Self-healing materials to shape the cars of the future
Ben Smye explores current trends in self-healing materials research, and where they could lead the automotive industry in the years to come
It sounds like something out of a sci-fi movie, but the idea of ââa self-healing car might not be as wild and futuristic as it sounds. While machines that can repair themselves are a long way off, materials engineers have developed technology that may soon make this fiction a reality.
How do self-healing materials work?
The best known way to create a material that can heal is to incorporate small capsules of healing agent inside the material itself. When the material is damaged, the capsules shatter and release the repair substance. However, the size of the capsules is crucial in this design, because if they are too large, the material will be weakened. They can also only be used once, which is not ideal if a material is susceptible to repeated damage.
However, engineers have created self-healing materials that work through vascular networks, similar to veins on a leaf. In these microvascular materials, when there is a crack, the healing agent travels through the vascular network and heals the rupture. This has been shown to be effective, but it is also a slower method of repairing a material.
One challenge when creating self-healing materials that can be used in the automotive industry is that it is much more difficult to create metals with these properties. Many vehicle parts are made of metal, but due to the chemical construction of metals and the way their atoms bond together, it is difficult to create a self-healing metal. As a result, design engineers often focus their research on polymers.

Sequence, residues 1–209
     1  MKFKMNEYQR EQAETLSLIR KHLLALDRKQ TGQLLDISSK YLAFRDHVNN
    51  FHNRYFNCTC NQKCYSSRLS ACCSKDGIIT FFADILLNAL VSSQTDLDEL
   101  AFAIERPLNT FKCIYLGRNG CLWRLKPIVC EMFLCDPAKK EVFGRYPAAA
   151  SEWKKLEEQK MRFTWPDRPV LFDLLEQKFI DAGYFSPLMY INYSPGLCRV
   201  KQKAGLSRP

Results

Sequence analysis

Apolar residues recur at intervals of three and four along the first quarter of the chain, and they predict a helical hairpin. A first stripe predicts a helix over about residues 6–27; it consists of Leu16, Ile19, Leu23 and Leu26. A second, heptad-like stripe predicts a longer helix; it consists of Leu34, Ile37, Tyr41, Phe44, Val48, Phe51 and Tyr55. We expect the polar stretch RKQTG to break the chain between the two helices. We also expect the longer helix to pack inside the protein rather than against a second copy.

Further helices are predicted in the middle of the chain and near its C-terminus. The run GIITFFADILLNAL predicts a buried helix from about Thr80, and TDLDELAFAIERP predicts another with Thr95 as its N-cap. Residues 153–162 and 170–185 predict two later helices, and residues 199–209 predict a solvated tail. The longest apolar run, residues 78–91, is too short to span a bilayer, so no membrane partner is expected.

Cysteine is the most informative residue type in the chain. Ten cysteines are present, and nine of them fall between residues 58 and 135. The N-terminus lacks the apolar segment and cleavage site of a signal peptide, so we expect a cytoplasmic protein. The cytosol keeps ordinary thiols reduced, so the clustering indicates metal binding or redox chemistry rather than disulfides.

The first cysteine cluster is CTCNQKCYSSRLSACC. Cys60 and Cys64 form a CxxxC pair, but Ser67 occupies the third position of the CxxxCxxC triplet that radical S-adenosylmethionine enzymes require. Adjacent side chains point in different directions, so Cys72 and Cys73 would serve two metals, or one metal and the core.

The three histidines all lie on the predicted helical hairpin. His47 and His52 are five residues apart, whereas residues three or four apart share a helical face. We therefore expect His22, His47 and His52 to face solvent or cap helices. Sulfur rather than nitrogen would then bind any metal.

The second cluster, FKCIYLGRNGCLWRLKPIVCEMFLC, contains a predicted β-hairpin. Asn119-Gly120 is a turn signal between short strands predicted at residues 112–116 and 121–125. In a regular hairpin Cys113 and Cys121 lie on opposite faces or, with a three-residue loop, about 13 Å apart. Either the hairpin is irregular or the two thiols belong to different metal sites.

Cars that never get scratched or can repair their own damage could roll on the roads for decades to come
Research on self-healing polymers has yielded groundbreaking results. It is now possible to have an intelligent polymer that can regain its previous characteristics even after being damaged. Even more exciting, materials scientists were able to develop smart polymers called intrinsic polymers that can repair themselves without external stimuli. These intrinsic polymers have specific reversible chemical bonds, which means that they can return to their original properties.
All of these developments are promising, but the question remains how these early steps in self-healing materials can be more than mere curiosities from a lab. Many researchers are therefore exploring the practical applications of their developments. For example, researchers are studying the potential of self-healing polymeric coatings in the context of space exploration and the high seas. In these situations, a coating would greatly reduce maintenance costs, as these are difficult places for repair work.
These coatings are designed for extreme environments, but if successful in these areas, products will likely be available in other areas. Some of the coatings being designed are anticorrosive, while others are scratch resistant. These features are obviously useful for traveling in space and under the sea, but they would also be beneficial for vehicles that operate in less extreme conditions.
The painting of cars is one of the main reasons for the increase in costs during car maintenance. If developments in self-healing polymer coatings can create a paint capable of withstanding minor scratches and corrosion, this could impact the amount auto operators have to spend on repairs. Even something this simple has the potential to extend vehicle life, which would be good news for users.